banking twoJust How Sound Is The Banking System?


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Standard & Poor’s is downgrading eight of the largest banks in the United States, but this also raises questions about the rest of the banking system.

Banks have not lent during this economic recovery the way they have in past recoveries and many are holding onto substantial amounts of excess reserves.

Furthermore, the number of banks in the banking system continue to drop by over 200 a year with the greatest number of losses being community banks.

In the normal economic recovery, commercial banks usually play a significant role. In the current economic recovery, now almost six and one-half years old, commercial banks have been noticeably quiet.

This should be of concern to analysts looking for a stronger recovery. Perhaps the banking industry is not in as strong a position as many people have thought. Maybe, the banking industry is still facing problems that are not totally recognized.

After almost six and one-half years into the economic recovery and we get the news that Standard & Poor’s is downgrading eight of the biggest banks in the United States.

Yes, Bank of America (NYSE:BAC), JPMorgan Chase (NYSE:JPM), Citigroup (NYSE:C), and Wells Fargo (NYSE:WFC) were downgraded. And, Globally Systemically Important Banks, GSIBs, Morgan Stanley (NYSE:MS), Goldman Sachs (NYSE:GS), Bank of New York Mellon (NYSE:BK), and State Street (NYSE:STT), have also been downgraded.

Under new rules to deal with banks that are “too big to fail,” regulators will require that “Banks are expected to hold total loss absorbing capacity – TLAC – of at least 18 per cent of their risk-weighted assets.”

“In October the Fed(eral Reserve) projected that the six largest banks faced a $120bn capital shortfall under new rules that would require the institutions to hold big buffers of debt that could be converted into equity in a crisis.”

Standard & Poor’s sees this shortfall as significant and puts the banks under pressure to eliminate the shortfall. So maybe the banking system is not as healthy as has been believed.

European banks certainly have a lot of work to do as well. The European Banking Authority has just released information that European banks are still facing about €1 trillion (or $1.06 trillion) of bad loans. The report indicated that bankers were continuing to build up their equity reserves, but still had a long way to go.

And, Mario Draghi and the European Central Bank has just “extended and expanded” its round of quantitative easing, the round that began earlier this year. The rationale for the addition is that the growth of the eurozone has not been what has been desired and that the ECB would like European inflation to move up closer to what the central bank would desire.

But, maybe one of the goals of the ECB is to keep banks open so that they can work out their problems without direct regulatory help.

This is one thing that I have written about concerning the quantitative easing efforts of the Federal Reserve. One of the objectives of former Fed Chair Ben Bernanke was to provide sufficient liquidity to the banking system to keep banks open and avoid the number of bank failures reaching levels experienced during the Great Depression.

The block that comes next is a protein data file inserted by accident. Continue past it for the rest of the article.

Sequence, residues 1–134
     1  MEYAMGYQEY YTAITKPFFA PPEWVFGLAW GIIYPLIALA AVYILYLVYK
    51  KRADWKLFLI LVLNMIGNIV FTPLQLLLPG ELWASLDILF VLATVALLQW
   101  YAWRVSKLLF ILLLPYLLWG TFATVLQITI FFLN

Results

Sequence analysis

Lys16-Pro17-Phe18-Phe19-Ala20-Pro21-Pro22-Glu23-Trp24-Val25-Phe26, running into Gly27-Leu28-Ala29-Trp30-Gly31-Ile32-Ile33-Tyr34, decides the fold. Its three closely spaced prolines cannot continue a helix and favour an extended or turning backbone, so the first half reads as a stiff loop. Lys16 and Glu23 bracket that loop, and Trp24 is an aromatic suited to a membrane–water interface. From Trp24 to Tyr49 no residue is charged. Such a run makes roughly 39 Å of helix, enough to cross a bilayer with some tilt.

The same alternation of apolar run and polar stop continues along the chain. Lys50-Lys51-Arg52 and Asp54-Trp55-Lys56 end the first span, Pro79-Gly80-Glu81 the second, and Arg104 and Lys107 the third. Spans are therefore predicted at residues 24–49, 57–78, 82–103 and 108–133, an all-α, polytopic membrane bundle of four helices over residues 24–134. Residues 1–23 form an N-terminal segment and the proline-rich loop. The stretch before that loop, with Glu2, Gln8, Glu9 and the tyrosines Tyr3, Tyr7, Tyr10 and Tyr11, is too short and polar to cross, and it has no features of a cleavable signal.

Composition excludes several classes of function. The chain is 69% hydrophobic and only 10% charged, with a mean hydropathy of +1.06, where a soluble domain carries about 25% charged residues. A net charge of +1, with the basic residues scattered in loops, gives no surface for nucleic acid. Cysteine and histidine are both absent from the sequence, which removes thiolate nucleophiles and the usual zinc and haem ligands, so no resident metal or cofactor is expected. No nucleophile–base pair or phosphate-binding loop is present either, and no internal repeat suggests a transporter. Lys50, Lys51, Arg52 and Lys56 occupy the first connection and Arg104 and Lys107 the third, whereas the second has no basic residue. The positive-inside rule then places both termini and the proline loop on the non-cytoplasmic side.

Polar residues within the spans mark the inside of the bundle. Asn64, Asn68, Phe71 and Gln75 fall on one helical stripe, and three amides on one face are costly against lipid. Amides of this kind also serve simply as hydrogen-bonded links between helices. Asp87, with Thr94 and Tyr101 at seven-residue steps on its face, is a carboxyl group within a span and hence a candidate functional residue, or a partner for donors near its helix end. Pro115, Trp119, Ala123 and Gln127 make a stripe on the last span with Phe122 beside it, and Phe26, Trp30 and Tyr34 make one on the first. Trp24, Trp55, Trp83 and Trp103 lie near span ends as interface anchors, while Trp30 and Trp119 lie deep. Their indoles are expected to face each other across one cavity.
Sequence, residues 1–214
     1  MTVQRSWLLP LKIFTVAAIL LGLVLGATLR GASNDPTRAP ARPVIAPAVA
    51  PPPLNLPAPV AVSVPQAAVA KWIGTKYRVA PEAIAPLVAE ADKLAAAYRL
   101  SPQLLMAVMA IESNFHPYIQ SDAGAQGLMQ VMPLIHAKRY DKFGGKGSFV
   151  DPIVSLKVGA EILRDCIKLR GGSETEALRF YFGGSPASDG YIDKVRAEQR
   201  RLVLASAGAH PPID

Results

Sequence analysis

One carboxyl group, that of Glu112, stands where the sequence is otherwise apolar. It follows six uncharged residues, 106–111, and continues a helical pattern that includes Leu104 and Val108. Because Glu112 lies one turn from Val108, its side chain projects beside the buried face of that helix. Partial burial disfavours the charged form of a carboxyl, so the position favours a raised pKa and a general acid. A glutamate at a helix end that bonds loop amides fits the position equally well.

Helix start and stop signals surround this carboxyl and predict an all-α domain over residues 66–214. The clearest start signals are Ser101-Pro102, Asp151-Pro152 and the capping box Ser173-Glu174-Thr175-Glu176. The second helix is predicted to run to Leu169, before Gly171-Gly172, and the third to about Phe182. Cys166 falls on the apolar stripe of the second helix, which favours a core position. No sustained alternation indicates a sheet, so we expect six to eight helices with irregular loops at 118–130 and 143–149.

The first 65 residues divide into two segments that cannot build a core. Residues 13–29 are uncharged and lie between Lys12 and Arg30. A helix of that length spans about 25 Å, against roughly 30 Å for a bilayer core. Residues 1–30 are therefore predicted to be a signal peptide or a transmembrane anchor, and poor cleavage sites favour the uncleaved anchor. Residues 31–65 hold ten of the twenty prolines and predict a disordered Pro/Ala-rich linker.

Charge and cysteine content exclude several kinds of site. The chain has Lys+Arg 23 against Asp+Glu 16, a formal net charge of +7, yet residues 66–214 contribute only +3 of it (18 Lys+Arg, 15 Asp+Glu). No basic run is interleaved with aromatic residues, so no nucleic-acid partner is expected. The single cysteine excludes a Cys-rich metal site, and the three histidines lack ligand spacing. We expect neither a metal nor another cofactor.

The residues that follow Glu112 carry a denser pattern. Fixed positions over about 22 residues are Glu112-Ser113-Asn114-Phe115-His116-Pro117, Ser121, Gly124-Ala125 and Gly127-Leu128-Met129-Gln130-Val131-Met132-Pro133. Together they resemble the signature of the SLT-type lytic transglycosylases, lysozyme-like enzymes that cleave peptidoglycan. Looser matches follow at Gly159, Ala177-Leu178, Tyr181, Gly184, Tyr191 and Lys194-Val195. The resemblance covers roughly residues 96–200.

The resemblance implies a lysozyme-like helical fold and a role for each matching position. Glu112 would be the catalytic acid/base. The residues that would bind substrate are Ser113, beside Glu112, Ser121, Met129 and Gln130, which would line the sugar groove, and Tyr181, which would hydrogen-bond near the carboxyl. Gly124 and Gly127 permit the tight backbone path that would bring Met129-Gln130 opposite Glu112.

Mr. Bernanke’s policy of pumping reserves into the banking system to keep things afloat will, I believe, be his greatest legacy. During the Great Recession and subsequent recovery, Bernanke’s policy was to “throw enough ‘stuff’ against the wall to see how much will stick.”

The fact that outright bank failures were so low was a tribute to the success of his policy.

But, the growth of bank lending during the economic recovery has never come close to achieving levels attained in earlier recoveries, and this is while the banking system has been sitting on over $2.5 trillion of excess reserves.

Furthermore, over the past several years, even though this time period was well into the economic recovery, the banking system continued to lose more than 200 commercial banks per year.

The reduction in the number of banks in the system, however, has not occurred through outright bank failures, but through bank mergers and acquisitions.

This decline in the number of banks outstanding has been done in a calm and constructive way, under the oversight of a regulatory system that wants to see the number of banks in the system decline, but without disruptions and dislocations.

In this, I believe that the regulators have been very successful in their efforts, but have benefited greatly from the presence of all the liquidity supplied to the banking system by the Federal Reserve.

On September 30, 2015, there were 5,410 banks in the United States. At the beginning of the Great Recession, December 31, 2007, there were 7,219 banks.

Of further interest, at the earlier date, there were 3,064 banks whose asset size was $100 million or less. On September 20, 2015, the number of banks of this size had fallen to 1,542.

In other words, the smallest banks in the United States, the heart of the country’s community banks, have declined by roughly 50 percent over the past eight years!

So, just how healthy is the commercial banking system? Maybe the health of the banking system is one of the reasons why the US economic recovery has been so disappointing.

Furthermore, maybe banking systems that are not so healthy is one of the reasons why the European economic recovery has been so disappointing.

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